Ep. 236: Swipe Left for the Next Applicant
When you’re applying to law school, you gotta put the winningest sh*t upfront. That means your absolute best LSAT score, sweet references, and a personal statement chock full of dating-profile-worthy facts about who you are and what you’ve achieved. The guys hear from a 3L about how Bar prep is a lot like LSAT prep. They offer advice to someone who fears their score (and test-taking ability) is improving too slowly. They take a look at the wild swings in the US News law school rankings outside of the top 20 and help a 2020 1L-to-be decide where to attend. And the guys take a look at a personal statement that would have law school admissions peeps swiping left. Plus, updates on LSAC practice-test licensing and news about how the coronavirus is affecting law schools and the LSAT world.
As always, if you like the show and you want to get more from the Thinking LSAT community, check out the links below. You can connect with other folks studying for the LSAT, and get more useful resources from Nathan and Ben.
Instagram (upcoming events)
March 20, 2020 – Last day to reschedule March LSAT
March 30, 2020 – It’s the March LSAT
April 24, 2020 – June LSAT registration deadline
April 24-25, 2020 – Thinking LSAT NYC Class!
April 25, 2020 – It’s the April test
6:30 – Pearls vs. Turds, Update Ed.
Matt is a longtime listener and current 3L! You know what that means. He’s about to sit for the bar. So naturally, he’s taking some bar prep. And in his practice, he’s seeing a piece of advice that’s all too familiar, and all too turd-like: to read the question stem before reading the argument. Fans of the show will know that Nathan and Ben agree you should never, ever, under any circumstances read the question stem first. Just read the passage, understand what it said, and then answer the questions about it.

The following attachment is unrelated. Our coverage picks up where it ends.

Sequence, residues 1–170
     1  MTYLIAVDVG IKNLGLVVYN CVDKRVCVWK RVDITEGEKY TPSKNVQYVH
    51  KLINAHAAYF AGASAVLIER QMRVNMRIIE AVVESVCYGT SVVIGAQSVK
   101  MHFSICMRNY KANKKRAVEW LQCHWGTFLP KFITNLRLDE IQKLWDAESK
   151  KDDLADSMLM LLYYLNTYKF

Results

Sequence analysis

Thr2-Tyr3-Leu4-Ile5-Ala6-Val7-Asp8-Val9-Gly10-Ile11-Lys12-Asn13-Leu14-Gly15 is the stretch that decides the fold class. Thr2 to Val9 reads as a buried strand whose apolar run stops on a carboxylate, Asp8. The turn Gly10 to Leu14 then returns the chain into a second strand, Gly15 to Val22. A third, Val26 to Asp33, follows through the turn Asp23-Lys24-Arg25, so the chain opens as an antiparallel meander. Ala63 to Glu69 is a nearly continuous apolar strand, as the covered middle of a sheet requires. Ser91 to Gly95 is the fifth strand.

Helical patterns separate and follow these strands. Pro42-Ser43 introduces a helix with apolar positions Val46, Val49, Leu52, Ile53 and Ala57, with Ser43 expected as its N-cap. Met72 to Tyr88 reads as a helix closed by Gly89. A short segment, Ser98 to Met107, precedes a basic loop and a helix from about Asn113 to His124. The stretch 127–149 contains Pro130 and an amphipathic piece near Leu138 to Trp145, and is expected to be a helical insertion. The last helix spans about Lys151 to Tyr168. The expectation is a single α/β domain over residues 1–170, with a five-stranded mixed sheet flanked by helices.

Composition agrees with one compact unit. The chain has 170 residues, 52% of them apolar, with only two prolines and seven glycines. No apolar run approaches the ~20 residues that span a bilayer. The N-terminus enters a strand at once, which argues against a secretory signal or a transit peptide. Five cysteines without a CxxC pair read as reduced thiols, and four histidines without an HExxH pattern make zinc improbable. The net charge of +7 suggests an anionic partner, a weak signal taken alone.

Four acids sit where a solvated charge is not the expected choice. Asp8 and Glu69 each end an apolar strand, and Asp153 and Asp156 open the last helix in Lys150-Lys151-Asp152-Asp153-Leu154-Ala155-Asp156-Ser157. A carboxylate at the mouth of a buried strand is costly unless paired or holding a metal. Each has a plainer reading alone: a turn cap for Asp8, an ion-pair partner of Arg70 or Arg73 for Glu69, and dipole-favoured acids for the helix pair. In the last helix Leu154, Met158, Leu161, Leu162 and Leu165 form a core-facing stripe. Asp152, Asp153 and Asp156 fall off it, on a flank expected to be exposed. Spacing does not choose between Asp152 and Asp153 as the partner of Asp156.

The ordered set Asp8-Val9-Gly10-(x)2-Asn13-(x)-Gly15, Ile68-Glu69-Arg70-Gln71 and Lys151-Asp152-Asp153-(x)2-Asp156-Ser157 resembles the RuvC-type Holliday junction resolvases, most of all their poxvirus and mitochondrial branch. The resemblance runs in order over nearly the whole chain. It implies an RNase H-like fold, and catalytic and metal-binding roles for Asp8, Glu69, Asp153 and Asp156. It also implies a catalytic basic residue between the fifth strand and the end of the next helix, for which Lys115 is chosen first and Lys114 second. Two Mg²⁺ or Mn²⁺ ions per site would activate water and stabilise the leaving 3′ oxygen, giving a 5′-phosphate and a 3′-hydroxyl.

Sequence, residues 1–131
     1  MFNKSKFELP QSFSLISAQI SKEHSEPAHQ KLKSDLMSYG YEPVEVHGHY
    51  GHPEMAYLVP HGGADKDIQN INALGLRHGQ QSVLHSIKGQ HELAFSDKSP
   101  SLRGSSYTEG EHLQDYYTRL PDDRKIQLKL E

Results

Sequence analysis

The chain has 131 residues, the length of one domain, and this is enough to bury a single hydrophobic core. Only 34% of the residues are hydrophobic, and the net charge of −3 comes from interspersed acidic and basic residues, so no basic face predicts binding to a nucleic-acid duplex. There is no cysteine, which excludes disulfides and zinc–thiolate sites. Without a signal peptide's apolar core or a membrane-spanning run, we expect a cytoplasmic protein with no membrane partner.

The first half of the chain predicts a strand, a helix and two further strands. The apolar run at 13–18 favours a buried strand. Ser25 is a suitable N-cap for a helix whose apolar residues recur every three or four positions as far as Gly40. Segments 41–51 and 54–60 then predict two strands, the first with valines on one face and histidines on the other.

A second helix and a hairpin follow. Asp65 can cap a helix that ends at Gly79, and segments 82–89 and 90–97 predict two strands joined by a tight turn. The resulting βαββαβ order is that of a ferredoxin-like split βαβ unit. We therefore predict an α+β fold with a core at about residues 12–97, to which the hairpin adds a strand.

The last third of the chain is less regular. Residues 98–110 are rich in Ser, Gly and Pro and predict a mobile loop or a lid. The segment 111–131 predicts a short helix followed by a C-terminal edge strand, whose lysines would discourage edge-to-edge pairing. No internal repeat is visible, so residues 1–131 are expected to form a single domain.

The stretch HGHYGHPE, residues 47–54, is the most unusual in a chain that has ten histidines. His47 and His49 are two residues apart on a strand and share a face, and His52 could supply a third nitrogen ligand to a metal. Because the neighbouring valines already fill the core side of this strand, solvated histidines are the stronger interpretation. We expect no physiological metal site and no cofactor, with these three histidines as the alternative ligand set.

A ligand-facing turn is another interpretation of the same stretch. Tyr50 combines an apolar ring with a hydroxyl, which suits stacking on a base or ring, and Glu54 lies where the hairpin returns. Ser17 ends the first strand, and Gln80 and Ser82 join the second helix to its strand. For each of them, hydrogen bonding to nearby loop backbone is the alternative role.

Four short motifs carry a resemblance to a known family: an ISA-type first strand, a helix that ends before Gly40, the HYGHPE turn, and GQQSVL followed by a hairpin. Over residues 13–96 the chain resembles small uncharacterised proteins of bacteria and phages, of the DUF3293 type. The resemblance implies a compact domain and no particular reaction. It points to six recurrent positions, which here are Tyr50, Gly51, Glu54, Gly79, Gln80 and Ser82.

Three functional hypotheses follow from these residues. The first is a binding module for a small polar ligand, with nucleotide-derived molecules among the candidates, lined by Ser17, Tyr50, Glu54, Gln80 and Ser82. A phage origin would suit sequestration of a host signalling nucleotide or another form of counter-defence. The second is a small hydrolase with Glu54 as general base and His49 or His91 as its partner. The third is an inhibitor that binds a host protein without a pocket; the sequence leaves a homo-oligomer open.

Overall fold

8:39 – “Official” LSAT Prep Plus
LSAC is changing how they are handling licenses for LSAT prep questions. All y’all will now be required to nab an Official LSAT Prep Plus license that gives you access to nearly all Official LSAT PrepTests™ for one year and includes some other benefits. But don’t jump to get your license just yet, here are some guidelines to help you navigate this whole licensing thing:
If you are planning to solo study and want access to older tests through LSAC, you need this license. As a bonus, this license lasts one year, so it will go with you to any test prep courses that you may decide to take. Just make sure you let any prep company know that you already have this license so you don’t get charged for it twice!
If you plan to take a test prep course, hang tight. The test prep company will let you know whether you need to purchase this license. They may include the license in their tuition fee.
12:25 – Coronavirus And The LSAT
It may not come to you as a surprise, dear readers, that notices are rolling in about how the coronavirus and COVID-19 are affecting the LSAT and law schools around the world. A Berkeley student-to-be lets the guys know that Berkeley is canceling their Admitted Students Weekend until further notice. Plus, LSAC sends some important announcements of their own:
The March LSAT is canceled in the following countries: South Korea, Thailand, Japan, Hong Kong, and China
The March LSAT is still scheduled for the US and Canada, but LSAC is allowing you to change your test date to April, June, or July without penalty, so long as you make the change by 3/20/2020.
32:06 – Slow Going To Raise The Score
Shelby’s been working her butt off since scoring a 147 on her first practice test in September. Now? She’s batting in the low 160s (badASS, Shelby!). But she wants to know what it will take for her to keep climbing, and if it will take her just as long. She also wants to know if she’s going too slowly on sections and whether she should consider accommodations to get more time. Nathan and Ben discuss Shelby’s situation and offer up the following:
Remember that scoring in the 170s and 180s cannot be achieved by everyone—you can improve your score, but there will be diminishing returns on your efforts as you get into the elite range.
Remember to focus on accuracy. If you are consistently nailing the first 18 questions at 100% accuracy, you can and will get faster the more you practice.
Remember that accommodations are meant for those with learning differences. If you believe you have a learning difference, go ahead and seek accommodations. If not? Try to get to your target score the old fashioned way…